What does it take to destroy a hard disk?
Not only were the documents and photos intact, but even the Windows file structure was preserved, making it easy to find the required data. It was a similar story for the drives that were dropped from the third floor and soaked in beer – every single file was recovered.
The prognosis wasn’t so good for the bruisers from the BBC, however. When the engineers took the drive’s casing apart, they were confronted with hundreds of shattered platter shards, which there was no hope of piecing back together. ‘You went a little bit too far,’ Winter told the BBC team, with commendable restraint.
Nevertheless, Winter said he was confident they might have recovered some files had the platters been the aluminium variety found in most desktops, instead of the glass platters used in the majority of laptop drives.
The BBC’s hard disk was reduced to shards of glass after its rough treatment
How much would it have cost to recover our data normally? The starting price for laptop drive recovery is £495 rising to around £1,000 depending on how urgently you need the data. All things considered, the BBC got off lightly. Data used to be returned to customers on DVDs, but now that hard disk capacities regularly top hundreds of gigabytes, the company returns data on an external hard disk drive. It’s more cost-effective than the man hours spent swapping discs during the burning process.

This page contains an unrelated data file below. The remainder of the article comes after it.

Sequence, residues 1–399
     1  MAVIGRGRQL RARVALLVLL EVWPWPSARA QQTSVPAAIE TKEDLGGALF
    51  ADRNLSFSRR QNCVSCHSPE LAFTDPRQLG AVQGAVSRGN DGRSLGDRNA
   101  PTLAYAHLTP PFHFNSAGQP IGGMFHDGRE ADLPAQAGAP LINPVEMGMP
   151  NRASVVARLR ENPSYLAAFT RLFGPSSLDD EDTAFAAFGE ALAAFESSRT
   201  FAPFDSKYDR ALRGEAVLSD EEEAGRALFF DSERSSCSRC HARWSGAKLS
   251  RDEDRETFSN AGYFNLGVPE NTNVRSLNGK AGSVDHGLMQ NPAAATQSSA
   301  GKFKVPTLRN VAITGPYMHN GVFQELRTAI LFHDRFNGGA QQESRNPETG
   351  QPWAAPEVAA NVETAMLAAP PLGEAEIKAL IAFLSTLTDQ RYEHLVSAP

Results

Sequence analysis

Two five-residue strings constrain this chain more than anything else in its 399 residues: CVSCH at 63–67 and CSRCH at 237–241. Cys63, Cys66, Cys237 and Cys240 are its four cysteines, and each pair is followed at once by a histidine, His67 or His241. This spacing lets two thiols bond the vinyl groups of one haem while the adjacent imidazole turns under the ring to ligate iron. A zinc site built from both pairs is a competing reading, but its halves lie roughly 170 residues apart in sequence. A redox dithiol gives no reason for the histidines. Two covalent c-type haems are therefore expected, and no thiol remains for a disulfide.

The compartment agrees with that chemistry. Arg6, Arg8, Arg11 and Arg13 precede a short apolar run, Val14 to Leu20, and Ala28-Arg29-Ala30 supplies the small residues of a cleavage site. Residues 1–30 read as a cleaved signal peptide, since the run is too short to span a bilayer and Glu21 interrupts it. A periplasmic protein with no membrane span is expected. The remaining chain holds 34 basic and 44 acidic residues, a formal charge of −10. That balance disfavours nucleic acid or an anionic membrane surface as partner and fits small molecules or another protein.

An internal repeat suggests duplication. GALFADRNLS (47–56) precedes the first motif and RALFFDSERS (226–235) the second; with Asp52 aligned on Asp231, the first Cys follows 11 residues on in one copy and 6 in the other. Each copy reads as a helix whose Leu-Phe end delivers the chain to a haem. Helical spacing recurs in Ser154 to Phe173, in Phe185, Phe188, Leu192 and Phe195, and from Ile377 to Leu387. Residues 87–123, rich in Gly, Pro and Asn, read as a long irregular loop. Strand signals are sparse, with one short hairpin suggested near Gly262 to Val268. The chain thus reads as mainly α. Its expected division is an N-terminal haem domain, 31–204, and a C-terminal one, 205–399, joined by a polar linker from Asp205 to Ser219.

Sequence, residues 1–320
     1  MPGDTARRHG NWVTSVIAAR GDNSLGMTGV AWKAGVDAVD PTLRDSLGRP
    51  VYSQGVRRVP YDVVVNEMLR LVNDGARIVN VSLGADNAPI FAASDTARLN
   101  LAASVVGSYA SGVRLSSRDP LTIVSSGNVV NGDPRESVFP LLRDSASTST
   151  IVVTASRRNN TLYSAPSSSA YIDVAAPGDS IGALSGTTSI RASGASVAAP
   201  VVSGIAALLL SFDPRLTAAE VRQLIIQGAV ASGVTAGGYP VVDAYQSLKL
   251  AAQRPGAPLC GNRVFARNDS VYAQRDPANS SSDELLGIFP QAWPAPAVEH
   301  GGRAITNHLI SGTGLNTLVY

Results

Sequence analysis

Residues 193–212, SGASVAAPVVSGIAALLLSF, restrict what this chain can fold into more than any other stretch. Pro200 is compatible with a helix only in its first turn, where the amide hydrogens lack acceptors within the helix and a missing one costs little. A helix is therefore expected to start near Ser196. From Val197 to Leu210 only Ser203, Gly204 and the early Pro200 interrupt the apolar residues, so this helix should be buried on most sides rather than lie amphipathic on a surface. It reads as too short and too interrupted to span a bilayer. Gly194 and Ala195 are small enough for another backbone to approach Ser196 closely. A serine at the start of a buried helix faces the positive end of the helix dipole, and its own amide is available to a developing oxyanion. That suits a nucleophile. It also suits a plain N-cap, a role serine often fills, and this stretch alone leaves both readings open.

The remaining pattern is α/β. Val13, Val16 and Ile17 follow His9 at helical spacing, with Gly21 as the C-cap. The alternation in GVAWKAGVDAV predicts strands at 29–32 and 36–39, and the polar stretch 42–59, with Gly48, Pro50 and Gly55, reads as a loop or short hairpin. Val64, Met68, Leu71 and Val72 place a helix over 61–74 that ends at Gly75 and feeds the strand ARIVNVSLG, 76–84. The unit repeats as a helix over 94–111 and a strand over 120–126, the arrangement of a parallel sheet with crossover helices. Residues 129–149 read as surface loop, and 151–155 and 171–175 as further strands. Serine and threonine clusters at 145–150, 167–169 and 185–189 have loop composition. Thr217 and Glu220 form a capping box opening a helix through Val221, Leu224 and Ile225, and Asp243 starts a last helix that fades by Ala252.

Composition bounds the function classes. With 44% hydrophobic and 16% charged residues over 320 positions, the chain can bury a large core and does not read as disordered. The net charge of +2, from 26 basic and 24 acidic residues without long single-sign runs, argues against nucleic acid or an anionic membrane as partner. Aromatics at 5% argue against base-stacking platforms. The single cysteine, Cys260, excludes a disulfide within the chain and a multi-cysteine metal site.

Sewage, shuttles and suicides
Though the BBC had thoroughly demolished its disk, it certainly wasn’t the messiest job Ontrack had ever faced, according to Winter, who claims the company has recovered files from drives covered in raw sewage before – they were obviously sent to the clean room.
Ontrack has recovered data from burnt out disks – and those drenched in sewage
The company is also called upon for more macabre tasks. Ontrack’s US branch was responsible for the successful recovery of data from the ill-fated space shuttle Columbia’s black box, which claimed the lives of the seven crew in 2003. ‘The black box is so well protected, the media is usually in good condition,’ Winter claims.
Back in the UK, the company also helps police and solicitors with data recovery for criminal cases. Winter claimed that the day before our visit, the company had been contacted by the family of a man who had taken his own life after smashing up his laptop. ‘The widow contacted us to get data off the hard disk, to see if it can give us any reasons why he committed suicide,’ Winter says.
The company also sees an increasing number of USB flash drives and memory cards. One customer even sent in their iPod Nano, on which they had been backing up their vital data. And we thought the BBC had been reckless…